The Ashgabad Gazette Issue 10

Above, the Cruiser, in all its glory.
--Wednesday, 07 October 98-- $1 = 6,900 manat
I asked the staff for help in finding a bike. Our driver, Volutzia (a very common name here) volunteered to assist. Today he came by to show me what he had found. Everyone said that the Turkish bikes were no good and that I should get a Russian bike. Volutzia took me to a store that had a Russian, red, folding bike in the window. There was no bolt for keeping the two parts together so we went to a nearby market and he showed me a "Turkish" bike, a new, gaudy, over-appurtenanced monster.

It is called a "Cruiser" and weighs about as much as one. It has a generator that powers lights fore and aft, day-glow orange splotches, day-glow green plastic gizmos, two rear view mirrors, a kick stand, a water bottle, a hideously bright, multi-colored what-not carrying case, a speedometer/odometer and 24 gears. In appearance, this is the very strumpet of bicycles. And according to the brass label on the front, it is "Made in Taiwan."

That is the concept: the reality is different. Nothing works except the speedometer/odometer, the kickstand and the tires. Nothing! The frame is too small for my height, the seat swivels like a drunk in a disco, I can use only three gears, the rear view mirrors are like antennae that serve only to flash reflections of the sun into my eyes and the brakes don't slow the bike in less than 50 feet. And I was grateful to get it.

The merchant pumped up the tires, adjusted the breaks and I bought it for $110. We put it in the trunk of Volutzia's car and got it to my apartment. Progress is measured in small steps.

--Thursday, 08 October 98-- $1 = 7,000 manat
The government here is faced with some difficult choices. Because the pipeline to Russia was turned off about 18 months ago (nonpayment) revenues are way down, way, way down. They have to figure out a way to cut costs but that almost certainly means creating unemployment and that spells trouble.

There is talk that next year's budget will be for salaries only. A grim decision and a silly one as it is almost impossible to accomplish work without spending money on more than staff. There will be clinics with no bandages, etc. and it makes no sense, other than keeping people from becoming restive. The problem is further complexified by the fact that the government owes two months of wages to all its employees and in this country that means almost everyone.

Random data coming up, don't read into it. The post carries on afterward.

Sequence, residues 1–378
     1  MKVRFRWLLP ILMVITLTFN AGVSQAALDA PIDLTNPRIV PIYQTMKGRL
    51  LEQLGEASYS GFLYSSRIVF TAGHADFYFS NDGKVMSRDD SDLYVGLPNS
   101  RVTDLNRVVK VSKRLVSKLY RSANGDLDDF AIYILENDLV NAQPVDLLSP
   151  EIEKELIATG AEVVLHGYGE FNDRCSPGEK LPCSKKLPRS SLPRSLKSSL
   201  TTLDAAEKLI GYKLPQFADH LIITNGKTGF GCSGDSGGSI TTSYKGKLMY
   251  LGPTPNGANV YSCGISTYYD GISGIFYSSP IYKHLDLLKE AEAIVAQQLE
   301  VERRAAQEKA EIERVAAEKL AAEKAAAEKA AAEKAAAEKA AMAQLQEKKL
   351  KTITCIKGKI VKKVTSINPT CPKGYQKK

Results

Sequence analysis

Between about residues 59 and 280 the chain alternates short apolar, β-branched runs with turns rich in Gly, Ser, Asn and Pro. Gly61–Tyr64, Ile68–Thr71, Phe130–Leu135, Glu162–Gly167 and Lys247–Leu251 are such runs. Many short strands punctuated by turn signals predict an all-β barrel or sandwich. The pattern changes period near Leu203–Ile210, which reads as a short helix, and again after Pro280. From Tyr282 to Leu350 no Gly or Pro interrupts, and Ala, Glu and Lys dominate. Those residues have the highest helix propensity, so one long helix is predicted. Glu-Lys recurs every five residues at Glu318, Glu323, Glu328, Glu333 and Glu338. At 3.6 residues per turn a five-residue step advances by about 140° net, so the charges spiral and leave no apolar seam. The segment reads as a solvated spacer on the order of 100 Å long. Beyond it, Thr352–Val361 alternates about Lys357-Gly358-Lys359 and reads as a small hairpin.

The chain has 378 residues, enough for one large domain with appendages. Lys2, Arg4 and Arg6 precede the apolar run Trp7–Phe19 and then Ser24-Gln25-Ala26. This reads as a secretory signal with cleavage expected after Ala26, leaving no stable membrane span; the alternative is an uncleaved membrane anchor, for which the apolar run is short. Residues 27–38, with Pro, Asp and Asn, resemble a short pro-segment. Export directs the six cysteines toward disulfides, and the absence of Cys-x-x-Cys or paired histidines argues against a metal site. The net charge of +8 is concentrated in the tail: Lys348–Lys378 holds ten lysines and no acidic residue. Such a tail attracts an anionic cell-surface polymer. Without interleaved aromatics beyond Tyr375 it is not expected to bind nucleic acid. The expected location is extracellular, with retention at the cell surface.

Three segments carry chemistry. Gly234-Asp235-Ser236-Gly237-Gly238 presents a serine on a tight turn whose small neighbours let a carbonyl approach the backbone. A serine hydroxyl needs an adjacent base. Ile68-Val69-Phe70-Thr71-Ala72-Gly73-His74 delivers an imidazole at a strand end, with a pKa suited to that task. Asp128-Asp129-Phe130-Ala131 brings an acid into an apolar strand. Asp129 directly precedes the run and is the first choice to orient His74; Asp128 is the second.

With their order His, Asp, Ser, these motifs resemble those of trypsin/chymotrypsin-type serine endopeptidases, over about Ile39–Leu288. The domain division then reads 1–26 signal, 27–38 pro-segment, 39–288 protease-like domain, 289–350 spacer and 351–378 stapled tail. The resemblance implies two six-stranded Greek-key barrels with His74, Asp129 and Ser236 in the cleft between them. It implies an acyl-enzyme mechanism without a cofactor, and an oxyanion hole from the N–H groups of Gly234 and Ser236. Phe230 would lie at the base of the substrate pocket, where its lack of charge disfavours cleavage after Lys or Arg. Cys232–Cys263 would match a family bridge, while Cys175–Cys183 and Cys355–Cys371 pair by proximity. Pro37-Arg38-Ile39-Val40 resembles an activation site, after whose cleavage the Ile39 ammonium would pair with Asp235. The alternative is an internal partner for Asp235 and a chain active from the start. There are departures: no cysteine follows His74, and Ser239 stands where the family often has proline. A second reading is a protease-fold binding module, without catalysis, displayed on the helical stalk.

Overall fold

The Exchange Rate:
Eleonora told me a Turkmen woman who is not young is referred to respectfully as Daiza and so many of them are engaged in currency exchange that people now ask for the rate quote from the Daiza Bank. There is even a slight pun here since there is a Daihan Bank (Peasant Bank). Today the rate is 7,000 manat to the dollar. It has risen 2,000 manat since I arrived and the speed seems to be accelerating.

The impact of this on the general population is hard to assess. On the one hand this means that all imports will be rising in price and this country imports a lot of its consumption. On the other hand, a portion of the imports are consumed by expats like me who are relatively price insensitive.

More Than the Currency Fell Today
The weather turned blustery and cool this morning. There was some blue in the sky but the temperature was all Fall. This evening it was even cooler and misting steadily. The temperature had dropped 50 degrees in 24 hours. In the car, Tatiana stated that it would be like this from now on. "Until Winter?", Ed asked in amazement. "No, until Spring." She went on to say that while they do not have snow that sticks here, everything becomes covered with filthy wet dust.

One day recently I had noticed that the mug of water that I used to hold the water I used to brush my teeth had black grains of something at the bottom. Because I had filled the mug with Coke before I had filled it with mineral water, I wondered if the Coke had the black grains. A few days later I noticed that the bottle of mineral water had a residue of black grains at the bottom. I asked in the office what they might be. "Perhaps the minerals in the mineral water." The water was produced locally and the label said (beyond the statement that I should keep it in "dark room") that "Allowed a small natural sediments of mineral salts." Who allowed this? I didn't. Now I watch my mineral water more carefully.

Fortunately, I am neither sick nor sick of this place.

A Virtual Tour of Turkmenistan
© 1998-99 Joe Kelley